By the sixteenth century it is clear that they were being served at banquets and snail sales were going through the roof. Monsieur or mademoiselle would cook them in a variety of ways, fried with oil or onion, cooked on skewers or simply boiled. Just as according to Sir Jimmy Saville, the 1970s was the age of the rail or train, so the 16th century was the age of the snail in France. In fact dining on snails was so fashionable that the Catholic Church classified them, along with frogs and turtles, as “fish” and they were therefore allowed to be devoured on Fridays, Lent and other meatless days without incurring the wrath of the church.
Of particularly interest is their inclusion in a little booklet published in 1530, with the catchy title of “Noteworthy Treatise Concerning the Properties of Turtles, Snails, Frogs and Artichokes” by Estienne Laigue. The author criticised four foods that he felt were all equally bizarre but popular with his contemporaries. Of the four, he was kindest to the snail. He wrote “I know snails are ugly, but not so hideous as turtles, nor so vile, and nothing like as poisonous; I also know that the ancients ate them, but I can’t accept people’s eating them daily, since other foods are more nourishing and of better substance.” The association of the three newly classified fish, that is turtles, snails and frogs was to be a constant in French cookbooks virtually from then. This was not only because they could be eaten on meatless days but also, there have always been people, like Laigue, who consider these foods unconventional. I’ve not been able to come up with an intelligent suggestion as to why Laigue particularly highlighted artichokes as well as the three supposed fishes, so as this blog is on snails rather than artichokes I’ll think I’ll just move on...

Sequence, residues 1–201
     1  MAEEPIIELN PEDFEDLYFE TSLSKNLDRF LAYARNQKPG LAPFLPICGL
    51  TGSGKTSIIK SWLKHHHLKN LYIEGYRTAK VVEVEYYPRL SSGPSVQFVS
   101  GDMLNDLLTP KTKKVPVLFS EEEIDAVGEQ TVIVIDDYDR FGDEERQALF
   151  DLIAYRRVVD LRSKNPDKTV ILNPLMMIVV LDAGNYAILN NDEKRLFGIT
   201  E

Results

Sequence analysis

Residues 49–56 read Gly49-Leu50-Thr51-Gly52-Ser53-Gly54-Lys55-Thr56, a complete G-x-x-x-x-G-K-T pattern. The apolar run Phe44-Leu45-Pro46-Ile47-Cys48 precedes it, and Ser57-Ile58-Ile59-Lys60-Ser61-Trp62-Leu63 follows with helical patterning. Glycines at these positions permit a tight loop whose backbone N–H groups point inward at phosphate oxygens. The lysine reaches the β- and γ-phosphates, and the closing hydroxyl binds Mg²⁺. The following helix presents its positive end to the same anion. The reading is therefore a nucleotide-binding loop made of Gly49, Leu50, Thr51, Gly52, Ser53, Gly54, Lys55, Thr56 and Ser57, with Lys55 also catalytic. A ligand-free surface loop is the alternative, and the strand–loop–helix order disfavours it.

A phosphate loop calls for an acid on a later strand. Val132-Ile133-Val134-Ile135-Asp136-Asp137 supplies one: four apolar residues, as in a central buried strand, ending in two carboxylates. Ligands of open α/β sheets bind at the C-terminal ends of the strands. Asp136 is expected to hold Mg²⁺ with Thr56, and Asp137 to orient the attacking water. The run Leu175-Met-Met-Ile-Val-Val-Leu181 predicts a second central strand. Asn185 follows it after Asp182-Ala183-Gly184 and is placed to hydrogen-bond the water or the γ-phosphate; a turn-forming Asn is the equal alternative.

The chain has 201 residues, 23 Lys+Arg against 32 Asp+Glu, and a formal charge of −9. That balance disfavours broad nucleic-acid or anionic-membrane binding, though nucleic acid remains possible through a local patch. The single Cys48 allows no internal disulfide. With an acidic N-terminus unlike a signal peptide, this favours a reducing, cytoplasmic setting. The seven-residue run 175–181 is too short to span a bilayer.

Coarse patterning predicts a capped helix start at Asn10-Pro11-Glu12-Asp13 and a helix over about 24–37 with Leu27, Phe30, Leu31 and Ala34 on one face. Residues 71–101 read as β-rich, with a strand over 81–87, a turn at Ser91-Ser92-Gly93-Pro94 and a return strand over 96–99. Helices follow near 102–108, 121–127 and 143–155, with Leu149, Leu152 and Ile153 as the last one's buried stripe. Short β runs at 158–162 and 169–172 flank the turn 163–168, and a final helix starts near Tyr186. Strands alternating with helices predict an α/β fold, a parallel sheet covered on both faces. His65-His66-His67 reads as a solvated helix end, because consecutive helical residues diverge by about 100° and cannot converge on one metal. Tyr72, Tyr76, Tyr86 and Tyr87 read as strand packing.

After 1560 snails went into a decline, culminating in a virtual banishment from refined tables in France for around 250 years. The evidence for this is abundant. If a cookery book gave a recipe for snails, it would be with an apology for introducing such a distasteful food-stuff. The 17th century French writer Nicolas de Bonnefons, who was also a valet at the court of Louis XIV, for instance was “astonished that the odd tastes of man had led him as far as this depraved dish in order to satisfy the extravagance of gluttony.”
In Paris in 1815, not one of the best restaurants had snails on the menu. There is, however, evidence that, although snails were absent from Parisian tables at the turn of the 19th century, they were being eaten in provincial France, particularly in Alsace and Lorraine
After the Napoleonic wars, the great snail comeback began after Talleyrand asked the celebrated French chef Careme to prepare some for the dinner which he gave for the Czar of Russia.
Meanwhile French wine merchants who went to eastern France each year on buying trips had to stay at the local inns where they were frequently served snails that had been gathered from the surrounding vineyards. The mollusc meal was commented upon in a complimentary manner by the merchants when they returned to their homes in Paris. An early 19th century Michael Winner might have reviewed the snail as an unusual but savoury dish. Enough interest was gradually aroused to the point where one of the coaches that travelled between Auxerre and Paris was hired to bring the first baskets of snails to the markets of the French capital.
The comeback sped up in the middle of the 19th century with the advent of the railroad meaning snails were not transported at snail pace any longer. Now they could be transported greater distances by train while still fresh. In this way new markets were developed not only in France but also in Italy and Spain.
The comeback was sealed by the spread of brasserie cafes to Paris by refugees who came from Alsace-Lorraine after the 1870 war. The snail-loving refugees incorporated the molluscs onto the menus and achieved so complete a reinstatement of the escargot that it has stayed in place ever since. Vive l’escargot!